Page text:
news:lD***************@newsfe2-gui.ntli.net
Trying to get my head round building a DB to analyse phone bills.

On the surface its fairly simple - duration in seconds x cost per
minute/60.

The problem arises with working out what time of day a call was made
because calls are charged at different rates at different times. The
problem with this is working out when a call crosses time bands &
part of it needs to be rated at one rate & part at another & then the
two halves added together.

Specifically there are three time bands & so three possible rates for
any call to a given destination

8am to 6pm weekdays is a Daytime rate
6pm to 8am is Evening rate
& Midnight on Friday night to Midnight on Sunday night is weekend rate

Within this 6pm on a Friday to Midnight would be rated as evening as
would Midnight on Sunday to 8am on Monday morning.

As an example, a call that started at 17:50 on a weekday and ended at
18:10 would have 10 minutes rated at Daytime and 10 minutes rated at
evening.

In an extreme example (and they do happen for dial up data etc - I've
got a bill on hand at the moment with many calls over 5 hours long &
one as long as 47 hours (!)) a call that started at 17:30 on a Friday
and ended at 00:30 on Saturday morning would have 30 minutes rated as
Daytime, 6 hours rated as Evening and 30 minutes rated as Weekend.

Generally I've got the start date and time of each call and the call
duration in seconds & so from that point I need to work out how many
seconds of each call fall into each time band.

Anyone have any ideas as to how I could use Access to figure this out
using queries? In many cases with 100,000 plus calls on a bill Excel
etc is not an option.

rgds

Iain

--
regards,

Bradley
Nov 13 '05 #3
Hi Iain,
Give this a go...

I have a table named "tblCallDuration" which just stores just my "StartTime"
and "EndTime" values.
A second table named "tblCallRates" stores the "WkndRate", "EveRate", and
"DayRate" costs in a single record.

Then I have a form "frmCallDuration" which is bound to "tblCallDuration" so
that it displays the StartTime/EndTime for each call. There is also a
(pretty big) unbound textbox "txtCallStats" that is used to display the call
statistics.

Here is what the output looks like (using your example times):
**************************************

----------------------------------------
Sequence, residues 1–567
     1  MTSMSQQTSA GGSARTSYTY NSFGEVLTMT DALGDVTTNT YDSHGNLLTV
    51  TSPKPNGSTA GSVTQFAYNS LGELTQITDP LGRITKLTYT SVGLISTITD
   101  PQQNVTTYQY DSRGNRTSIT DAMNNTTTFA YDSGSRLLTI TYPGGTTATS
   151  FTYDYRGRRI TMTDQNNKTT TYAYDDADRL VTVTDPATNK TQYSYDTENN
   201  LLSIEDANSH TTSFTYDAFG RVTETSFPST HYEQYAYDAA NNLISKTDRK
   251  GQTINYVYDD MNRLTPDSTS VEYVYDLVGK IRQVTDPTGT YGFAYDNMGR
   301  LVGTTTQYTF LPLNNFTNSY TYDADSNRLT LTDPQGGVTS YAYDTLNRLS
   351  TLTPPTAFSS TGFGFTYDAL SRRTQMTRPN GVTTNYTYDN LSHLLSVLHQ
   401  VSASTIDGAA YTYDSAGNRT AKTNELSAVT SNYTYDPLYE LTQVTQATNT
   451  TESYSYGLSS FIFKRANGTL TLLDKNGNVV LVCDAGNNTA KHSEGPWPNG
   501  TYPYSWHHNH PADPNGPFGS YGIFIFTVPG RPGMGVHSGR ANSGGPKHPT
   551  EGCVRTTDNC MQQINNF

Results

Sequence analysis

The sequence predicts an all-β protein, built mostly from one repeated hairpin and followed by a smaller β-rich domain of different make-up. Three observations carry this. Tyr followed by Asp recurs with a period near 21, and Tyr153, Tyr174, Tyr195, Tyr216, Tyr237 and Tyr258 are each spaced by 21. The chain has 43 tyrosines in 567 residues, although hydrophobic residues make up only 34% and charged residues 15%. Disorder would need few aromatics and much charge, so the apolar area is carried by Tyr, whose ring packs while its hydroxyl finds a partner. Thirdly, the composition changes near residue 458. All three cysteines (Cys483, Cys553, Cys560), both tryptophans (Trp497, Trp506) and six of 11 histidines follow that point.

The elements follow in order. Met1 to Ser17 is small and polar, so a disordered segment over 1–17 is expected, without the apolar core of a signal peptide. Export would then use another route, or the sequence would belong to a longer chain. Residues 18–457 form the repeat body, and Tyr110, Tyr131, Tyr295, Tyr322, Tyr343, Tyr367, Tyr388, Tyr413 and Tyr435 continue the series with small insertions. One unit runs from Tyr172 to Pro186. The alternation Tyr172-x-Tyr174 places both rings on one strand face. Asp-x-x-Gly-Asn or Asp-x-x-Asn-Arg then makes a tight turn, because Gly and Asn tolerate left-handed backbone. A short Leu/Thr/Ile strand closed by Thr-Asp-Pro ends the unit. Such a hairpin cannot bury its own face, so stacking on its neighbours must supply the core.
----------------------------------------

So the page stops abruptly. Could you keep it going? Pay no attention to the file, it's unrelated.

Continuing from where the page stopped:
Record #1:
This call originated at: 7/23/2004 5:50:00 PM
and ended at: 7/23/2004 6:10:00 PM
The call length was: 20 minutes

Rate: DayTime
Minutes: 10 @ \$0.25 = \$2.50
---------------------

Rate: Evening
Minutes: 10 @ \$0.15 = \$1.50
---------------------

Record #2:
This call originated at: 7/23/2004 5:30:00 PM
and ended at: 7/24/2004 12:30:00 AM
The call length was: 420 minutes

Rate: DayTime
Minutes: 30 @ \$0.25 = \$7.50
---------------------

Rate: Evening
Minutes: 360 @ \$0.15 = \$54.00
---------------------

Rate: Weekend
Minutes: 30 @ \$0.10 = \$3.00
---------------------
**************************************
This is the code behind the form.
**********************************
Option Compare Database
Option Explicit

Dim varTime As Date
Dim varMins As Integer
Dim varRate As Currency
Dim VarCost As Currency
Dim strRate As String
Dim Msg As String
Dim CR As String
Dim varMyCheck

'--------------------------------------------------
Private Sub cmdGetCallStats_Click()
sGetTimesRates
End Sub

'--------------------------------------------------
Private Sub Form_Current()
sGetTimesRates
End Sub

'--------------------------------------------------
Public Sub sGetTimesRates()

Dim dteStart As Date
Dim dteEnd As Date

Me.Dirty = False 'Save any changes

If Me.NewRecord Then
Me.txtCallStats = "" 'Clear the unbound TextBox
Exit Sub
End If

CR = vbCrLf

If Not IsDate(Me.StartTime) Or Not IsDate(Me.EndTime) Then
Msg = ""
Msg = Msg & "Both a Start Time and End Time must be entered before
continuing!"
MsgBox (Msg)

Exit Sub
End If

dteStart = Me.StartTime
dteEnd = Me.EndTime
Msg = ""
Msg = Msg & "This call originated at: "
Msg = Msg & dteStart & CR
Msg = Msg & " and ended at: "
Msg = Msg & dteEnd & CR
Msg = Msg & " The call length was: "
Msg = Msg & DateDiff("n", dteStart, dteEnd)
Msg = Msg & " minutes" & CR & CR

varTime = dteStart 'Initialize to the start time of the call
varMins = 0
strRate = ""

Do While varTime < dteEnd
varMyCheck = WeekDay(varTime)
Select Case WeekDay(varTime)

Case 1 Or 7 'Sunday or Saturday -- Weekend Rate applies
Select Case strRate

Case "" 'This is the first minute of the call.
strRate = "Weekend"
varRate = DLookup("WkndRate", "tblCallRates")
varMins = 1
Case "Weekend"
'Do Nothing, except increment the minute counter
varMins = varMins + 1
Case Else 'This means that we have just entered the first
minute at this rate
'and it's time to tally up the charges for the
previous rate
sTallyRate
strRate = "Weekend"
varRate = DLookup("WkndRate", "tblCallRates")